A Day at Bunratty Castle and Folk park.

The air was crisp and clean as we piled out of our Grand scenic bundling the kids and filling the buggies with warm blankets. Though there was no snow on the ground, the chilly winter weather had me thinking twice about walking around too much; however, the excitement of getting to see this castle and Irish folk park had me raring to go. I’ve heard from many people that Bunratty was a “must see” and now I can join the chorus.

Little birds chirped and picked at the last few blackberries on the bushes in the car park. We entered through the big gates into the large gift shop filled with tons of local handmade goods as well as your typical tourist stuff and silly do-dads. Our tickets cost only 4 euros after we applied our Tesco club point vouchers (we had been saving up and had 20 euros worth), children under five years old go free and they do have discounted rates for older children and students as well as family passes available. For more info you can check out


Once inside the folk park we were met by beautifully arranged flowers and shrubs along with a feeling of adventure…which way should we set out? There were paths leading in all directions with fun signs marking the way. We were given a map with the layout so after a moment of indecision we set out towards the byre cottage. Passing several species of chickens, ducks and other farm animals we arrived at the quaint little thatched roof house. The aroma of peat burning in the fireplace met us as we walked in the door and were surprised by the warmth the tiny little stove put out in the dimly lit room. I enjoyed looking around the rooms as it was set up to replicate what a home would have looked like in the early 1900’s. This particular cottage came from county Mayo where my husband’s family come from, thus it was dear to my heart. Across the little path a black rook and a big pig stared at us.20151121_122035_resized


Leaving the cottage, we came to a huge playground filled with all sorts of large fun equipment for children of all ages. My daughter and I enjoyed the swings and watching as men prepared for the coming Santa’s grota by setting up Christmas lights and a large carousel. We followed another path and found ourselves in a charming little folk village. There was a school with a boy’s side and a girl’s side clearly marked; a doctor’s office with his home above, several stores, a restaurant, pub, post office and many other interesting buildings; many of which were open to the public to simply explore at your leisure. Each place had a unique feel and many antiques making you feel as if you had just walked into another era entirely. My children enjoyed window shopping and seeing all the fun Christmas displays.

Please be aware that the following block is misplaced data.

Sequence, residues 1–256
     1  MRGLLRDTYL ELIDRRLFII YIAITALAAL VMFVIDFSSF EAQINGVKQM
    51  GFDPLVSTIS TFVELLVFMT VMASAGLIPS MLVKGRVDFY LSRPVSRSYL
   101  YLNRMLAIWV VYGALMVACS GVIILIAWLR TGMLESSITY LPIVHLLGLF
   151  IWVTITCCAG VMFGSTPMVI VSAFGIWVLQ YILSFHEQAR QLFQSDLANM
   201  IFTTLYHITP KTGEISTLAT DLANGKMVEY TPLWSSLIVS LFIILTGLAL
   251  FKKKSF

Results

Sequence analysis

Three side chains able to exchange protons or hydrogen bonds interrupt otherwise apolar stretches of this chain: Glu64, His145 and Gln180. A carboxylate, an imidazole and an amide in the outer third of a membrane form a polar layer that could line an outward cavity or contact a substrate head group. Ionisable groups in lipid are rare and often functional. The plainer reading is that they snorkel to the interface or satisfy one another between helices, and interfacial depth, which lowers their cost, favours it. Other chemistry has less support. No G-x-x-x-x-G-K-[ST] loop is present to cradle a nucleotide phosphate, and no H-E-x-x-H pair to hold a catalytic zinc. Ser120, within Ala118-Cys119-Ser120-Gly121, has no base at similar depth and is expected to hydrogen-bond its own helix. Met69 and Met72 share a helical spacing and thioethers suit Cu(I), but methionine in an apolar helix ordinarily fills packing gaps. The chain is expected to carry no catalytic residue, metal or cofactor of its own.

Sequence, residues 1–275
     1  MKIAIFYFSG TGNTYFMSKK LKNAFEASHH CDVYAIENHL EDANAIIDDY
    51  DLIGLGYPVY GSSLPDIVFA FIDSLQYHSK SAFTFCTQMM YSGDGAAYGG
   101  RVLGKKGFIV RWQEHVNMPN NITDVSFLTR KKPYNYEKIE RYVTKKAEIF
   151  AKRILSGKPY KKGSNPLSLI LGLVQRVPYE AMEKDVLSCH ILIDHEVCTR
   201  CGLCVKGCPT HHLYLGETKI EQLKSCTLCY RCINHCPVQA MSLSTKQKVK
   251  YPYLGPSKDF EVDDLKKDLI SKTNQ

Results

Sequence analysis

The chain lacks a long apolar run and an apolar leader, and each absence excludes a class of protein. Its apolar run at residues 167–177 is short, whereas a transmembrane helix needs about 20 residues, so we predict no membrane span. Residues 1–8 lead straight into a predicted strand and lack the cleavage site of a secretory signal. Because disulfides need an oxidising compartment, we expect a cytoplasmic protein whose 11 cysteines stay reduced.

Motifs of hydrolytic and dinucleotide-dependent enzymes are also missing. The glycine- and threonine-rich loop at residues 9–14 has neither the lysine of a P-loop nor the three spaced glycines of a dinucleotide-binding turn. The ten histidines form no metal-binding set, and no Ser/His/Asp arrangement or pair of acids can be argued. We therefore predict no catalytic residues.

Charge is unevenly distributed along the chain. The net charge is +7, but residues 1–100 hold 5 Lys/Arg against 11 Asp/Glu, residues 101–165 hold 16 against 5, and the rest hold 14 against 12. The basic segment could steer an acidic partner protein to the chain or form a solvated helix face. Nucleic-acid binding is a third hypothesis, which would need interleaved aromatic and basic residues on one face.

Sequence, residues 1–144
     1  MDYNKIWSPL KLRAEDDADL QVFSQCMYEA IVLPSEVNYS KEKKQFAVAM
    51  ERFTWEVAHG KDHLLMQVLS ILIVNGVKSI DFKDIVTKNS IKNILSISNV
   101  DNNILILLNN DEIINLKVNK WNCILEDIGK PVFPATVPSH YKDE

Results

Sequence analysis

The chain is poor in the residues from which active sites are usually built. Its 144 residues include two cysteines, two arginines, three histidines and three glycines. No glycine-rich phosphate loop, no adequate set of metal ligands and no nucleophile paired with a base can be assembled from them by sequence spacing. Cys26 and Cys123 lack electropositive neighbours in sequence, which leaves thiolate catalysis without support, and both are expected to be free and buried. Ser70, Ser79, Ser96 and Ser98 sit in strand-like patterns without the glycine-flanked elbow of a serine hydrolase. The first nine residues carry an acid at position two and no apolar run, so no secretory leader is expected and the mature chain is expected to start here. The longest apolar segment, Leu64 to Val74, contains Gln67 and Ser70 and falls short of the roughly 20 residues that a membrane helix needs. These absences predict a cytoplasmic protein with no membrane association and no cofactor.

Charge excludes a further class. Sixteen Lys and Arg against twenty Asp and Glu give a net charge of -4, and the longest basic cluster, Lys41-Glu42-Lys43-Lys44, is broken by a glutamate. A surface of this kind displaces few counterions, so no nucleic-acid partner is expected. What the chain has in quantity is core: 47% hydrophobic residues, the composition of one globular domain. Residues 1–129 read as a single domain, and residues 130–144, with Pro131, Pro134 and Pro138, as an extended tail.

From the town, we wondered by the old mill and saw baby goats, sheep and other animals playing in the fields near the path. Autumn leaves crunched under our feet and I thought I could smell a faint aroma of goat’s cheese…perhaps coming from one of the stores or dining areas? The skies opened up with a downpour so we made haste and ran into an old church for shelter. Some of the men who were working there stood under the eaves chatting, they offered to help us carry the buggy inside. As we passed the time waiting out the rain, I sat there wondering what sermons had been preached here over the years. How many people sat in these pews listening to the stories in the Bible? There was an old unique piano in the corner, faded pews, a few hymnals and old books, along with beautiful stain glass windows. It was a peaceful place.


Finally, the rain let up a little and we decided it probably was not going to stop altogether, so we tucked in our hoods and had fun racing the buggies in the rain. There were many other fun cottages that looked and felt entirely different than the first one. Each one had a special history and unique set up. We especially enjoyed the rustic fishing cottage.


Bunratty Castle, a 15th century medieval fortress, sits proudly at the edge of the property overlooking a beautiful ocean inlet. The Castle was interesting with decorated rooms filled with tapestries, wood carvings, actual life size armor, and beautiful furniture. The art work was not entirely my taste, but did make an interesting impression. It was the first castle I’ve been in that actually had a working, comfortable toilet inside where the toilets might have been in the original state. The stairs are narrow, steep, and uneven as were most staircases in the ancient Irish castles. We left the buggies on the ground floor. I think it would be an ideal place for adolescent boys to run up and down as they play knights and battles…not the best for mommies carrying heavy infants, but still, a fun place to explore. Bunratty boasts of a large Banqueting hall where they have live performances, traditional Irish music and special medieval style dinners. Though, I’ve never been to one I’ve heard tell that they are good and worth booking your tickets ahead of time.


I could go on and on describing the place, but that would defeat the purpose…you must see it yourself and discover the fun and adventure of looking back to another day in history.

Heather Cammack
I came to live in Ireland several years ago following the love of my life…an Irish man. Now I’m happily married and the mother three. We live in the country with a view of an ancient castle ruins out our back windows and each day I am grateful to be alive, to be loved, to be here.